To the Editor:
What Ethan B. Kapstein labels "The Corporate Ethics Crusade" (September/October 2001) is, in fact, something much broader and deeper than a campaign driven by self-appointed Northern ethicists. It is a gradual redefinition of the corporate "license to operate" in the twenty-first century.
To begin, we must shed the idea that the corporate ethics agenda is driven solely by altruists from nongovernmental organizations (NGOS). Although Greenpeace, Amnesty International, and the U.S. National Labor Committee have amply demonstrated their influence, governments and mainstream financial institutions are now central to the rising tide of expectations that is reshaping corporate behavior. Furthermore, corporate ethics advocates are found not only in industrial nations but also in key emerging nations such as Brazil and India.
Responsible behavior is not only a goal of the altruists, it is integral to fiduciary responsibility, to compliance with evolving governmental securities regulations, and to protecting shareholder value. When international labor standards are violated, for example, it is not just workers who are placed at risk. Investors might see corporate reputations damaged, brands tainted, products boycotted, and workers striking. That is why the United Kingdom, France, Denmark, the Netherlands, and Japan have launched initiatives to mandate or create strong incentives for the disclosure of information on corporate social and environmental performance. In France, a May 2001 law required such disclosures alongside conventional financial statements for all companies listed on the Paris stock exchange.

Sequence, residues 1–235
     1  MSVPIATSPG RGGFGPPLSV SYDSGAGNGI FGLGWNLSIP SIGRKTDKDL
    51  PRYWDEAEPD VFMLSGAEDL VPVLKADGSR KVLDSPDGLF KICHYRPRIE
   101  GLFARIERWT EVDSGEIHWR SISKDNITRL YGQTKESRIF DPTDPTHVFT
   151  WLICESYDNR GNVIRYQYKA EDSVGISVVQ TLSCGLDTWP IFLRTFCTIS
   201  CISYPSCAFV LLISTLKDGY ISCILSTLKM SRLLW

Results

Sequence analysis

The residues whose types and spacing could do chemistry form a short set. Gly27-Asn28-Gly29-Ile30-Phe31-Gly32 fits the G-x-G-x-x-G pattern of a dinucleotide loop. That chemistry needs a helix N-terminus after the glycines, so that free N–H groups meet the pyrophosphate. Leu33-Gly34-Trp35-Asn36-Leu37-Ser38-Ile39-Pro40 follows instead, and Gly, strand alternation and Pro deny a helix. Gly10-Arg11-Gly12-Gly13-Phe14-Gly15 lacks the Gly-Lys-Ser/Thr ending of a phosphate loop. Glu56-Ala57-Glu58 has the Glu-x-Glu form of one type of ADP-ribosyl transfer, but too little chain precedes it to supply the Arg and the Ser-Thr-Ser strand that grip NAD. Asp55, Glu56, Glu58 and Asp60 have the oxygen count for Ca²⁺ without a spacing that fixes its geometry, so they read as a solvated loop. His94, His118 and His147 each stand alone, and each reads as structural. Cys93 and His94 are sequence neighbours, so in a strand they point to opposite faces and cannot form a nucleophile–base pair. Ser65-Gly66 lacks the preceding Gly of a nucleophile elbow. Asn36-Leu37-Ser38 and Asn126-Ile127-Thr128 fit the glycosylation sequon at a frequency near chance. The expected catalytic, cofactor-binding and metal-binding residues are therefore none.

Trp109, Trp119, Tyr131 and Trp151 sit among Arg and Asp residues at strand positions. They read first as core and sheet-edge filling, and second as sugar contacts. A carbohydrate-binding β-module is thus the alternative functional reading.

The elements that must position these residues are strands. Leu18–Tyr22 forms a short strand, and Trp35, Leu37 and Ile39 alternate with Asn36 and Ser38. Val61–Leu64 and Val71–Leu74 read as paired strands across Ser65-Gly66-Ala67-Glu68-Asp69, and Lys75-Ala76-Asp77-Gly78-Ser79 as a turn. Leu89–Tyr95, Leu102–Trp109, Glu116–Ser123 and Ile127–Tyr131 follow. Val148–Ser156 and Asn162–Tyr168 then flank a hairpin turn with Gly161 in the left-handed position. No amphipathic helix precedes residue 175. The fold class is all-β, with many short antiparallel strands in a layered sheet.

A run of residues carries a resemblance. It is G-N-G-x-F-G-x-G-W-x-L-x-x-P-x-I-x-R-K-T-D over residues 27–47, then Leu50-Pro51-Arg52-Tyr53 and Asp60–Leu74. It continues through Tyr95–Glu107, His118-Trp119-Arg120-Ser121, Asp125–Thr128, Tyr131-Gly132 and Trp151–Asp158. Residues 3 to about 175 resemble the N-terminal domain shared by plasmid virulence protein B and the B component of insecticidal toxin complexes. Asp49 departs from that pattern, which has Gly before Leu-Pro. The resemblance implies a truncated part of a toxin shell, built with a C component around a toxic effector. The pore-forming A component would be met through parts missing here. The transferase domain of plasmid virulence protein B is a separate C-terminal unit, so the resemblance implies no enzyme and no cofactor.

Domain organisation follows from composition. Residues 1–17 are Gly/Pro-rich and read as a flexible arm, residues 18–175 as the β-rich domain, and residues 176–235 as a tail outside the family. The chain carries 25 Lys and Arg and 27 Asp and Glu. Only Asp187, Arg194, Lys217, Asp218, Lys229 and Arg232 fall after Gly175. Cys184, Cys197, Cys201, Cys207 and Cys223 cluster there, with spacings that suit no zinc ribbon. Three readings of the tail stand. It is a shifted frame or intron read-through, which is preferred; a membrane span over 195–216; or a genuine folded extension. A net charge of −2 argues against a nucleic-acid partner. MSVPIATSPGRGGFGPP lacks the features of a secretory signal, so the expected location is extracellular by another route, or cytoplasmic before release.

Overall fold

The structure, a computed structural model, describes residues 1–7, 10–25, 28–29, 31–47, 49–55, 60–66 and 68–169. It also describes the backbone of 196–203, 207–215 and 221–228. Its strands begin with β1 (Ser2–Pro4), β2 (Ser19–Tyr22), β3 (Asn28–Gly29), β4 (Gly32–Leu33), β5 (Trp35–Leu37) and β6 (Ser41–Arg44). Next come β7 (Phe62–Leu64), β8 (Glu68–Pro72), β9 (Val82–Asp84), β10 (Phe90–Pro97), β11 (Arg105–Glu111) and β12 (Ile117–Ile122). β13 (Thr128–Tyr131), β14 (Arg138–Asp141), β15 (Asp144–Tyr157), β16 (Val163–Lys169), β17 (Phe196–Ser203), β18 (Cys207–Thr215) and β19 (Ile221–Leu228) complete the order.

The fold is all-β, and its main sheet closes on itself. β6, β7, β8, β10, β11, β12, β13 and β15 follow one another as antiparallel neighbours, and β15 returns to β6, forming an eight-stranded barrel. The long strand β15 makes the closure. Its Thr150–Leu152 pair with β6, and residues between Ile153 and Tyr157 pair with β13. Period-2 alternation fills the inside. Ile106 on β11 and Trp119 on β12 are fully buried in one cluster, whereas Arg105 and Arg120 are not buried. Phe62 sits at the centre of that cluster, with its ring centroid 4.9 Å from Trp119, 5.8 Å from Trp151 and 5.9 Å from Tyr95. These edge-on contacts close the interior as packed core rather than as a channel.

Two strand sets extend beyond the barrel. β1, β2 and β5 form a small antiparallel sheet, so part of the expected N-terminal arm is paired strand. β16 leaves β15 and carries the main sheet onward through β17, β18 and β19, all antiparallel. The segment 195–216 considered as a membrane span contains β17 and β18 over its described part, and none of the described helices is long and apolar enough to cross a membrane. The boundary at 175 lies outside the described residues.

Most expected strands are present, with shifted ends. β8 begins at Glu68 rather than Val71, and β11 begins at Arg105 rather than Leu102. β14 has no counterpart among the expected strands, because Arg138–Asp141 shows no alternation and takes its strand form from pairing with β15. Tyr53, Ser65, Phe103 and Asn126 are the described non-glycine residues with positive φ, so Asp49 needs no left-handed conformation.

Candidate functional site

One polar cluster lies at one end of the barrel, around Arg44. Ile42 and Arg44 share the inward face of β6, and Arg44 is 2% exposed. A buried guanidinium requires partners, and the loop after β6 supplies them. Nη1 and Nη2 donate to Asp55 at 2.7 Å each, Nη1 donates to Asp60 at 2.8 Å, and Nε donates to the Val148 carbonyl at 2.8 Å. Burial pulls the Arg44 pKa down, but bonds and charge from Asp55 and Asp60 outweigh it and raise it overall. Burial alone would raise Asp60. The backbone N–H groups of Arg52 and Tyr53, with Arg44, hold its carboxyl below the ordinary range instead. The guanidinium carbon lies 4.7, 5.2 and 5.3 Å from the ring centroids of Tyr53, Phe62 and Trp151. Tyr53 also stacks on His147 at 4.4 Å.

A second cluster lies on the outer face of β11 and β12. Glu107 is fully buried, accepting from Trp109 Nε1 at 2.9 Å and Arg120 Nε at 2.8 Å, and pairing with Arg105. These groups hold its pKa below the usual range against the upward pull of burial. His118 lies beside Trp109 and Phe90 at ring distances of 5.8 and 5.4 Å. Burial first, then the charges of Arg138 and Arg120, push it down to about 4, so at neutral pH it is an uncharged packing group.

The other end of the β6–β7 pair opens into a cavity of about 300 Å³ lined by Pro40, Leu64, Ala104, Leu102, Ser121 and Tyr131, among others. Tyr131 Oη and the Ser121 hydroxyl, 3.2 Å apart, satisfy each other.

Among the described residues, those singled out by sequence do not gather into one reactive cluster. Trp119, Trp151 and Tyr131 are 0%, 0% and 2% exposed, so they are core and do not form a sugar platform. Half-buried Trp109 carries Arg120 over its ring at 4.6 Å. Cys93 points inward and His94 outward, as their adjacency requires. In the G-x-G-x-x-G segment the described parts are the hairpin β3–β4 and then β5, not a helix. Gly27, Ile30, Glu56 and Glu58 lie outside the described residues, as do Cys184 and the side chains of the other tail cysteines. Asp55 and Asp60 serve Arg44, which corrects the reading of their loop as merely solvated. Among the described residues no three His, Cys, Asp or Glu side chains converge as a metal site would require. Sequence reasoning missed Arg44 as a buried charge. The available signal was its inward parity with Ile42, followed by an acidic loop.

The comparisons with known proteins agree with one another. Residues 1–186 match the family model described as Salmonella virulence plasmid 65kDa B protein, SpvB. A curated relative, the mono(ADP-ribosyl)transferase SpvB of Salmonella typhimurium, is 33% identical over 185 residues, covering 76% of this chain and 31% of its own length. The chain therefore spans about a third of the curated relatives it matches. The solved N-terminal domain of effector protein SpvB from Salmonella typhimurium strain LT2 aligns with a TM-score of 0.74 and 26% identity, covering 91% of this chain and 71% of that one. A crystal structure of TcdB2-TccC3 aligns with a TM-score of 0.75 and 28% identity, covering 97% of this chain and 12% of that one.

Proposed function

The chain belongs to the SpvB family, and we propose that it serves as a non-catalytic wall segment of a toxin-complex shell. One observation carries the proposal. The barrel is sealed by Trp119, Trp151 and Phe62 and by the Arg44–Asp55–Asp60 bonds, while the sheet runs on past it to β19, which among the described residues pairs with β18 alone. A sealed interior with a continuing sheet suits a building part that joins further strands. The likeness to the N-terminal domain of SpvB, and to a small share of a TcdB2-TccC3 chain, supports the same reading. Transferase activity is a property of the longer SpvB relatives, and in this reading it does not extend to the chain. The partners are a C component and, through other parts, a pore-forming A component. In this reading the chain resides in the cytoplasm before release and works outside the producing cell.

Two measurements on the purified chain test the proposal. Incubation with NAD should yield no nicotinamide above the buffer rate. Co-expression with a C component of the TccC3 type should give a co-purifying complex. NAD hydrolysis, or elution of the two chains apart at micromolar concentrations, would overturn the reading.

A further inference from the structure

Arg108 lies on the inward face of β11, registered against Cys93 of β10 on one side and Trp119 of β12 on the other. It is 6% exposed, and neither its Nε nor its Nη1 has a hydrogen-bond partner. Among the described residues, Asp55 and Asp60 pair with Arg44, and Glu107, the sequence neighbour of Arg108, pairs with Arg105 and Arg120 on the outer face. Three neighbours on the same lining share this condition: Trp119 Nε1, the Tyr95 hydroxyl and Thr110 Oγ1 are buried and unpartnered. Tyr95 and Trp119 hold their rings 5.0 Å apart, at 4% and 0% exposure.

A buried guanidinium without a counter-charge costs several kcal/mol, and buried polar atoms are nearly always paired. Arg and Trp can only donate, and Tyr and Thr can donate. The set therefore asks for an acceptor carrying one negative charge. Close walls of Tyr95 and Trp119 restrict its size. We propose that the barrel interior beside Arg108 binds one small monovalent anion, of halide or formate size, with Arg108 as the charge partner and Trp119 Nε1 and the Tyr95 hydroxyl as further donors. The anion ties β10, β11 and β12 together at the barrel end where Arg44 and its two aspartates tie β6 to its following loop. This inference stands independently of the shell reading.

Pressures for enhanced disclosure are intensifying in developing nations as well. In Brazil, two NGOS -- Instituto Ethos and IBASE -- are advancing corporate disclosure using the homegrown model known as "social balance" accounting. Some 270 firms already prepare reports along these lines. Moreover, the Brazilian government securities commission
has issued an advisory that recognizes the utility of social and environmental information as a valuable supplement to conventional financial reporting. In India, high-profile NGOS such as the Centre for Science and Environment, Development Alternatives, and the TATA Energy Research Institute are active advocates of new forms of corporate measurement and disclosure.
As Kapstein points out, the unintended effects of rigidly imposing Northern performance standards on developing countries may deepen global inequities. But this outcome is not inevitable. A disclosure standard is not the same as a performance standard. The right mix of global disclosure standards, capacity-building and financial assistance to support preparing such reports, and local flexibility in setting and assessing performance standards can help ensure that the fruits of globalization are shared by a broad spectrum of company stakeholders -- including, but not limited to, those who invest in the enterprise.
Allen L. White
Director, Global Reporting Initiative